Matthew Hall won the “Spotteron Competition” at #CitSciOz18, and his Brushturkey app is now live
- Matthew Hall, PhD Candidate, Integrative Ecology Lab, The University of Sydney
I’d like to start this post by saying how incredibly grateful I am to the Australian Citizen Science Association for this opportunity to engage with the citizen science community, as well as to Spotteron for the fantastic work they did in building this app. Working with Spotteron to design and roll out the BrushTurkey app has been a unique and rewarding experience for me. Throughout the process I have been impressed by Spotteron’s expertise and the potential for citizen science to contribute to the broader scientific understanding of my study species and Australian wildlife in general.
When I started my PhD, researching the spread of Brush-turkeys into the Sydney suburbs, I certainly did not expect that citizen science would play such a large role in my project. Amidst a flurry of grant application writing the ACSA Spotteron competition caught my eye. I decided, almost on a whim, that I would apply. I thought about how citizen science could best suit my project. What could I do if I had eyes all over Australia ready to gather data for me? I realised that researching Brush-turkeys in suburbia was a perfect fit for a citizen science project. Brush-turkeys have been causing a stir in Sydney and Brisbane precisely because they interact so closely with people. They’re digging in their gardens, building mounds in local parks, and roosting in and around peoples’ homes. What a fantastic opportunity to understand how wildlife adapts to city life by having citizen scientists around to observe every Brush-turkey movement and behaviour as it happens! What a great way to bring people and nature together by giving people a chance to learn about a native species right at their doorstep! So, I sent in my application, hoped for the best and got on with my research.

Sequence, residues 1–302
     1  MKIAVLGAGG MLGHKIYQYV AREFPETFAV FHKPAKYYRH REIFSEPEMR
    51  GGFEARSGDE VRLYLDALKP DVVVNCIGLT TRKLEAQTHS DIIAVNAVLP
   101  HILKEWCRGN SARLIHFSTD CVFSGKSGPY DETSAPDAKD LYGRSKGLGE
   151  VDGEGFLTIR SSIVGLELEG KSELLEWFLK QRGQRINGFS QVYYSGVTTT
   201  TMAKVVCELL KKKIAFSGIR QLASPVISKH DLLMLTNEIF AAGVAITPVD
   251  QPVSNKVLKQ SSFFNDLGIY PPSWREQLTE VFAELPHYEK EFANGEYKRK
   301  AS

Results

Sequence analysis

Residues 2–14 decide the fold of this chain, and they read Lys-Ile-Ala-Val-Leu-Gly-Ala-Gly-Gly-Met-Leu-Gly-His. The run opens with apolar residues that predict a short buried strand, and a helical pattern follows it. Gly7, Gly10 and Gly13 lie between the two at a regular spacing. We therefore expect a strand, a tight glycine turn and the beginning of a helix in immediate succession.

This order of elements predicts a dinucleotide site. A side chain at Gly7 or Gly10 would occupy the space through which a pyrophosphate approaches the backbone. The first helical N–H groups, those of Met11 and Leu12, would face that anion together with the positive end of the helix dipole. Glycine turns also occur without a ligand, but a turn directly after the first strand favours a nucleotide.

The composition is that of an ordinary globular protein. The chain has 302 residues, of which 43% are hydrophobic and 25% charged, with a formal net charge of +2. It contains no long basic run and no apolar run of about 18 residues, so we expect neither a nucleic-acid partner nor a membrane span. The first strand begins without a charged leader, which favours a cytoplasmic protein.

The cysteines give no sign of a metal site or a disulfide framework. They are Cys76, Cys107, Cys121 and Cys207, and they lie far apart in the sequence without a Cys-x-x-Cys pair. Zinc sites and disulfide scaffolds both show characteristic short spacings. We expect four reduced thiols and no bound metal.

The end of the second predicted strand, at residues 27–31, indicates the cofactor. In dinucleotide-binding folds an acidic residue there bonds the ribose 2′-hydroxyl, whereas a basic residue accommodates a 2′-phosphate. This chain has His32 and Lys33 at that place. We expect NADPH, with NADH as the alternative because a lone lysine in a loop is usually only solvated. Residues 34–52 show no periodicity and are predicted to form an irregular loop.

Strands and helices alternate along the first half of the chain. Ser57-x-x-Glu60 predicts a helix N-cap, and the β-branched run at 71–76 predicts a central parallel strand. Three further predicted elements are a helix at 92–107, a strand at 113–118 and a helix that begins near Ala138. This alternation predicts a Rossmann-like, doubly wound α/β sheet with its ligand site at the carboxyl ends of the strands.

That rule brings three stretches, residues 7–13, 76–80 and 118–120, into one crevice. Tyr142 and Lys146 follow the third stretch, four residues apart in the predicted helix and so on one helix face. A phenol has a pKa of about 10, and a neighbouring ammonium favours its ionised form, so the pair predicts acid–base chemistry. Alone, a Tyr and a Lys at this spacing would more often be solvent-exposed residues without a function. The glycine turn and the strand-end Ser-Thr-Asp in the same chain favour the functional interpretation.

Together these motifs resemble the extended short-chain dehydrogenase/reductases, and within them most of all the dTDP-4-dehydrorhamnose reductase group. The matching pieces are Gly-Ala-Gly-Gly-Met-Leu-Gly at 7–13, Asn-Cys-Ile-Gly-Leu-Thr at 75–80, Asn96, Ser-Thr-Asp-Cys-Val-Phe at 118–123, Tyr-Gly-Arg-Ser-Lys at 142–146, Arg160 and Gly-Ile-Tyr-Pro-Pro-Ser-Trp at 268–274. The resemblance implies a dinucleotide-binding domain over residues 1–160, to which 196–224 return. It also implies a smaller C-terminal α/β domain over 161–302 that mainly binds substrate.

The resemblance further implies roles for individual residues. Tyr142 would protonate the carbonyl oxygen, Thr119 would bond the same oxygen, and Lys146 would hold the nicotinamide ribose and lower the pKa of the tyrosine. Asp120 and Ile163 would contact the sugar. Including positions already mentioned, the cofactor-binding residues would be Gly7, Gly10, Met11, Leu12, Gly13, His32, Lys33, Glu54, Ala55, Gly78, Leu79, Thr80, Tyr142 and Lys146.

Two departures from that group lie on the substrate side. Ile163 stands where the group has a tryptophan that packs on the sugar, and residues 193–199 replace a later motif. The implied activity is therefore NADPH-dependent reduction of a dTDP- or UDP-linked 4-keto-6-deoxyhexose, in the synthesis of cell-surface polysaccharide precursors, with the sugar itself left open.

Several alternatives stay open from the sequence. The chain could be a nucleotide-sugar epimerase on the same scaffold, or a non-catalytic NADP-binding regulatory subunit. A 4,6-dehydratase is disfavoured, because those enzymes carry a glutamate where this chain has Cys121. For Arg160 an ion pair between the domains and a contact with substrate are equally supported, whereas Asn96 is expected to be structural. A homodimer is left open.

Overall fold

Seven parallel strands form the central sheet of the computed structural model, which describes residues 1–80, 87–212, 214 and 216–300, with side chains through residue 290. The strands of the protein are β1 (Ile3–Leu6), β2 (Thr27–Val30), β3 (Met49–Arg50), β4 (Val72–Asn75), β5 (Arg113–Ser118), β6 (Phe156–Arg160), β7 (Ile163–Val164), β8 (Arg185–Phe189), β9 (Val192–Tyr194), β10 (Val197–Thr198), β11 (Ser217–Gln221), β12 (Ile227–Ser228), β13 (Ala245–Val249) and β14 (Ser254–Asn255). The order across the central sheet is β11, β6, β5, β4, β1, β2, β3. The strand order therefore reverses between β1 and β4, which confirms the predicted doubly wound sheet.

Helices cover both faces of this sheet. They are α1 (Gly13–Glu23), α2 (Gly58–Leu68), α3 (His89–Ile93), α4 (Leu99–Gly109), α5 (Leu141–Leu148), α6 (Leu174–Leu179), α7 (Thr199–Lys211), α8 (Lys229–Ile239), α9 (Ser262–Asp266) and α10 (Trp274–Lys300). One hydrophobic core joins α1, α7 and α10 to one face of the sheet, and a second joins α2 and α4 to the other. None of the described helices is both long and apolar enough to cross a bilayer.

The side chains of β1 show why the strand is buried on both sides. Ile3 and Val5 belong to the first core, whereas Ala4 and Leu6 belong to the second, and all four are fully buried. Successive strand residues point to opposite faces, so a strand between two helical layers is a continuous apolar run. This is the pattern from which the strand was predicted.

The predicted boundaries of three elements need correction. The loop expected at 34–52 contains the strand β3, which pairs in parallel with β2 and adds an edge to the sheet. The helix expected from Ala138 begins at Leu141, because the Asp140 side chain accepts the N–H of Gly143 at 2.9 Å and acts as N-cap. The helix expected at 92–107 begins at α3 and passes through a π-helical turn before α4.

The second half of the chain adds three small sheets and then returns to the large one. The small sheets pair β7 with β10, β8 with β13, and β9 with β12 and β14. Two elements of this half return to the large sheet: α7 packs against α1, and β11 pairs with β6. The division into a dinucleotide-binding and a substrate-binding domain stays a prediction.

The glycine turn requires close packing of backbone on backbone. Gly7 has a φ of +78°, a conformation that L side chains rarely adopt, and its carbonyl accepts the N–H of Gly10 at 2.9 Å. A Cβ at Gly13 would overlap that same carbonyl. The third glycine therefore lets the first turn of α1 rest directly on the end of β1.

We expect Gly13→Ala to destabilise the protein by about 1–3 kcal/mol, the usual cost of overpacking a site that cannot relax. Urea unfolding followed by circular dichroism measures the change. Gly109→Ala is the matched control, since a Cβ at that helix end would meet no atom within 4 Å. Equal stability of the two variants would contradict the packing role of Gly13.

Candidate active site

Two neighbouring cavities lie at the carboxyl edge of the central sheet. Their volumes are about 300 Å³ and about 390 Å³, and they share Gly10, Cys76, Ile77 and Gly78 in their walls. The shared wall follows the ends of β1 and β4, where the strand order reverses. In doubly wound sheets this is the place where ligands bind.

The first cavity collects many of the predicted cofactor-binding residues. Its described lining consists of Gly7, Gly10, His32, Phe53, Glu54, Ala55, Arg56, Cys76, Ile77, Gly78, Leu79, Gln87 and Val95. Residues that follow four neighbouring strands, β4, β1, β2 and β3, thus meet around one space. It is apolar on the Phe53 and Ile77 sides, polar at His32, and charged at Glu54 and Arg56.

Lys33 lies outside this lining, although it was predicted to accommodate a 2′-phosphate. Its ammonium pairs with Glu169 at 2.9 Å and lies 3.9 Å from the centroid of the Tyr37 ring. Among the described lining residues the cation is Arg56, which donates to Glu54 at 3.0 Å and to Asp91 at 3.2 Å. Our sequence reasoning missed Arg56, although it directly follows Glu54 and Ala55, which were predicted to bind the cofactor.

I was stunned to find out my project idea had won the competition. Excited by the opportunity it wasn’t long before I was in contact with Philipp from Spotteron. One Skype call later and the wheels were in motion. Working with Spotteron to design the app was an interesting experience for me. As an ecology PhD student, I knew how to catch Brush-turkeys and design experiments to learn about their behaviour. I knew next to nothing about how to engage with the broader community at large. Philipp’s expertise was invaluable here. Spotteron have experience in designing apps that people want to use, and balance detail with ease of function.
I would throw out ideas about what kind of data to collect, or what aspects of Brush-turkey behaviour would be interesting to report, and Philipp would have a suggestion for how it should fit in the app – was it a text box or a button, a single option or a multi-select field? I sometimes found myself the middle man between my supervisors from partner institutions (The University of Sydney, The Royal Botanic Gardens Sydney, and The Taronga Conservation Society), who all had ideas and questions about the app, and Spotteron. But the end product satisfied all our needs and exceed our expectations.
It has been really inspiring and exciting to see the response to the app. Within three days of the launch date the number of reports on the app already outstripped the number of Brush-turkeys I had personally tagged in the whole first year of my PhD. It really goes to show the potential of citizen science and including the general pubic in the process of data gathering. I can’t wait to see what we can learn about how this unique Australian species adapts to a changed world with this app. I’d encourage anyone who is interested to download the BrushTurkey app and start uploading sightings today.
Links + Info:
* Interactive Map (Web-App)
You can also read the Spotteron Blog Post about the app here.
One thought on “Building the BrushTurkey app”
At present Mr BT is raking plant debris from the front of my streetcare site. Sometime ago he built a huge mound in my garden near my native bee-hive. He is utterly is DESTROYING my garden and streetcare site which includes indigenous Blue Gum High Forest plants that I have worked hard to regenerate. This destruction is breaking my heart. This morning he had at least 9 females near his mound and this count will have increased by tomorrow